A couple of days after Uncle Bob and I picked the last of the tomatoes from the garden, a lot of them were developing black spots that were the telltale signs that the tomatoes were starting to rot. Since I didn't want them to go to waste, I decided to make tomato sauce from the tomatoes that looked like they were past their prime.
When Grandma came into the kitchen as I was making the sauce, she noticed that her stock of fresh tomatoes had dramatically declined, and gave me the hairy eyeball. I explained that the tomatoes were starting to rot and wanted to use them up, and she looked a bit skeptical. I hoped that when she tasted my sauce, she'd approve of my decision.
One contraption that made the process a lot easier was Grandma's food mill. This old-fashioned gadget enabled me to make a nice smooth sauce without the time-consuming task of peeling and seeding tomatoes. All I did is cook the sauce for a couple of hours, then run it through the food mill. The seeds, skins and other solids remained in the food mill and only a smooth sauce remained.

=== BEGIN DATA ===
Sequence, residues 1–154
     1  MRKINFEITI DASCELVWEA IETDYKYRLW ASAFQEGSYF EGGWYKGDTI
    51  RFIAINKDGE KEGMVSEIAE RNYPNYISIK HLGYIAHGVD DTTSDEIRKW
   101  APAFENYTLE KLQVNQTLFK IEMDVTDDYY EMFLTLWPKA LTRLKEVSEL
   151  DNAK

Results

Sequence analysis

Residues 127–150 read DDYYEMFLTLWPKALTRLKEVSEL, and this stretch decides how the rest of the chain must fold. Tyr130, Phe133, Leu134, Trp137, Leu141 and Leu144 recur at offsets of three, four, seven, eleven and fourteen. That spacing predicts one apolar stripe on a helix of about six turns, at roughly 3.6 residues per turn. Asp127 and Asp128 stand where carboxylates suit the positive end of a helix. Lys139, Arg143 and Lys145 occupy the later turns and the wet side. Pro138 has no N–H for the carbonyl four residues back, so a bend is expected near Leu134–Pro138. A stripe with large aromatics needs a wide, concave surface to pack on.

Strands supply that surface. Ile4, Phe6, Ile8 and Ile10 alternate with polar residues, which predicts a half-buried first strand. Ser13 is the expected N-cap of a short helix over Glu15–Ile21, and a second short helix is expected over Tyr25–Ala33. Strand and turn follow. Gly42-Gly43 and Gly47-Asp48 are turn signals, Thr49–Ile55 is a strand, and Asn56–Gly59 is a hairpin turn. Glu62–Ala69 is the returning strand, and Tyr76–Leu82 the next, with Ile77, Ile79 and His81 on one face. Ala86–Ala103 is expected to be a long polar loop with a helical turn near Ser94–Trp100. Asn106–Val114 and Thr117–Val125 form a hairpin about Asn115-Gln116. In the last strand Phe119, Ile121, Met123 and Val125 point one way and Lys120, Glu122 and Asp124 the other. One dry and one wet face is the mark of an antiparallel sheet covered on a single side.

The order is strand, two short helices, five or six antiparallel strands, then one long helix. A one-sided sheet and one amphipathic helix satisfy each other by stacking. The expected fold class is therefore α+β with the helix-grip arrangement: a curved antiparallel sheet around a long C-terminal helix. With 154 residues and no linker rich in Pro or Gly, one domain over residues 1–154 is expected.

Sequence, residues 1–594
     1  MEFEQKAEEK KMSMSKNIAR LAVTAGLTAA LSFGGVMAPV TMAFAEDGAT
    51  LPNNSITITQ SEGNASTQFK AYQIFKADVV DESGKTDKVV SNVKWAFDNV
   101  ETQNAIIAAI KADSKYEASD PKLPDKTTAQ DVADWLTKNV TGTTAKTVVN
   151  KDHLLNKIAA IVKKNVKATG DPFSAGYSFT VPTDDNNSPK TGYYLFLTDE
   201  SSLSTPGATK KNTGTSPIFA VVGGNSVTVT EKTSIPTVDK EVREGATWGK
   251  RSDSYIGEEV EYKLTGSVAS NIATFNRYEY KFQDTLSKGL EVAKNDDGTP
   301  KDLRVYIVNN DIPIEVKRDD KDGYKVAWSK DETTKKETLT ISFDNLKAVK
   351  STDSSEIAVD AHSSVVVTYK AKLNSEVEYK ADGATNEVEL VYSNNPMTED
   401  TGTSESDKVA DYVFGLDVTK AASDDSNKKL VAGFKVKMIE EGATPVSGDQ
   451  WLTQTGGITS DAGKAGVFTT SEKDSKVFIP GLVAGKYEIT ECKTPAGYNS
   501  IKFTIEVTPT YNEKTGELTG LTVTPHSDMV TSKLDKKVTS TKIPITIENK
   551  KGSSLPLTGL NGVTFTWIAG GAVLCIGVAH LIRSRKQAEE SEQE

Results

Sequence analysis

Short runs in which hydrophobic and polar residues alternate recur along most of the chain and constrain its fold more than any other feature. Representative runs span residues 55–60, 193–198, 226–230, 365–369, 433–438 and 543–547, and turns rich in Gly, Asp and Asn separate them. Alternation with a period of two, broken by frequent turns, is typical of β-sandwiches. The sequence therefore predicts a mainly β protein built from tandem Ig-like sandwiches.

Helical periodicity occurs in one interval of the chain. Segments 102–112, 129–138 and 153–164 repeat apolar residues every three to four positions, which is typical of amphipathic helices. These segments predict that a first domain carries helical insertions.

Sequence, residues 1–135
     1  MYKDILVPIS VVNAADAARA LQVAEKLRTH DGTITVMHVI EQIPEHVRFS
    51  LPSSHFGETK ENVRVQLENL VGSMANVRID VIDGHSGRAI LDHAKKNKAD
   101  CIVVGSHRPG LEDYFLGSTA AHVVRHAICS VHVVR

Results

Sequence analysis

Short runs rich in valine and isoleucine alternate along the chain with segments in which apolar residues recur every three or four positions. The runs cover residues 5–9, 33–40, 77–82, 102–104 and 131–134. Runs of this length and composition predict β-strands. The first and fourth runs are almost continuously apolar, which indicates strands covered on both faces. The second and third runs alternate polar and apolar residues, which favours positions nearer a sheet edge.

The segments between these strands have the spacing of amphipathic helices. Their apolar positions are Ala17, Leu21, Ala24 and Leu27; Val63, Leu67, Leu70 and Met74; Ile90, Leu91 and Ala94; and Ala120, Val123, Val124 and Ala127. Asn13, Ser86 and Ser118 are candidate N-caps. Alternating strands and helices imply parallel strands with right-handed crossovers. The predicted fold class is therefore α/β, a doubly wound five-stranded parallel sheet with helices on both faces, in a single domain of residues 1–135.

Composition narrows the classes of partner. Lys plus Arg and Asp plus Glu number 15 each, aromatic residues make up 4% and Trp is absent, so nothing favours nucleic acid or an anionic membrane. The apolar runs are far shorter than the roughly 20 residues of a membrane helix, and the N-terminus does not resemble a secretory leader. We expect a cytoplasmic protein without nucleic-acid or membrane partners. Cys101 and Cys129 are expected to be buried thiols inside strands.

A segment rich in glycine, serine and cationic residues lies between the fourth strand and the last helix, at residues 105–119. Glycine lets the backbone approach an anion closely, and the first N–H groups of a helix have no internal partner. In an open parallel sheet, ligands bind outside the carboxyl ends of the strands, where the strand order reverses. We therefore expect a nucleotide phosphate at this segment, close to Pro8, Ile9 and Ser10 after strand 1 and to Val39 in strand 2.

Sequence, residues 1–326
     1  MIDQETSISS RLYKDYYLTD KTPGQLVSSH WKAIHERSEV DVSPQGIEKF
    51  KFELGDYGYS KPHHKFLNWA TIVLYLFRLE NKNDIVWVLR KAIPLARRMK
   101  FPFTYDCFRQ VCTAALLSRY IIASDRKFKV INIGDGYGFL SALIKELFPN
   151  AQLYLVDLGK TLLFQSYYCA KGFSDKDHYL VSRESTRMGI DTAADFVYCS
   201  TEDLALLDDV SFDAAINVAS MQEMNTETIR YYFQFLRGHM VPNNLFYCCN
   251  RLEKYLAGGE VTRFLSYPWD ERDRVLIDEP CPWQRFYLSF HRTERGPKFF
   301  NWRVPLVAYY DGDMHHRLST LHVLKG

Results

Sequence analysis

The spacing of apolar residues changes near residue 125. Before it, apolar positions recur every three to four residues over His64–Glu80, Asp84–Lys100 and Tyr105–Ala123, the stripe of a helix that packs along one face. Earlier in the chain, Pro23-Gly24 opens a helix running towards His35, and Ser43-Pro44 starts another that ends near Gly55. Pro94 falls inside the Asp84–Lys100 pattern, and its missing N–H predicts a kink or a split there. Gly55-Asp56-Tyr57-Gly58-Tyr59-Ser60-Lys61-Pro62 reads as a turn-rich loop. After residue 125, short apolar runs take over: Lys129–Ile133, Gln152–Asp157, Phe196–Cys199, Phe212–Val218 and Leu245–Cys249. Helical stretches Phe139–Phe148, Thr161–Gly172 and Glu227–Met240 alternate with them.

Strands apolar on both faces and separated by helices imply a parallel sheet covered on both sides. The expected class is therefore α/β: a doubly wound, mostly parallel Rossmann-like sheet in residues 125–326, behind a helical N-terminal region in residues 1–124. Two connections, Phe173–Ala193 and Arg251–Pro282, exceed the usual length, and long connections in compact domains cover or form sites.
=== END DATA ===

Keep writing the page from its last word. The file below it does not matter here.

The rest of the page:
I used the tomato sauce in stuffed peppers ... but that blog entry will come tomorrow!
Wisconsin Harvest Tomato Sauce
Rah Cha Chow recipe
2 T olive oil
1 onion, rough chopped
1 carrot, rough chopped
3 cloves garlic, rough chopped
Lots of ripe tomatoes - about enough to fill a pot halfway - different varieties work great
1 Tablespoon dried Italian seasoning
1 teaspoon salt (or more to taste)
1 teaspoon sugar (or more to taste)
sprinkle of black pepper
2 bay leaves
Cook onions on medium low heat until soft and some are caramelized. Add carrot and garlic. Cook until the garlic is fragrant. Add tomatoes -- you can core and quarter them as you add them to the pan. Cover and cook 1 hour, until there's a lot of liquid in the pan. Uncover and cook for 1 more hour, stirring occasionally, breaking up the tomatoes as you stir.
Process the mixture through a food mill and discard the solids left in food mill. Return the sauce to the pan. Add the Italian seasoning, salt, sugar, pepper, and bay leaves. If the sauce needs to be thicker, simmer awhile longer until it's the desired consistency. Taste the sauce and adjust seasonings if necessary. Remove bay leaves before serving. Serve over pasta or in your favorite recipe that calls for red sauce.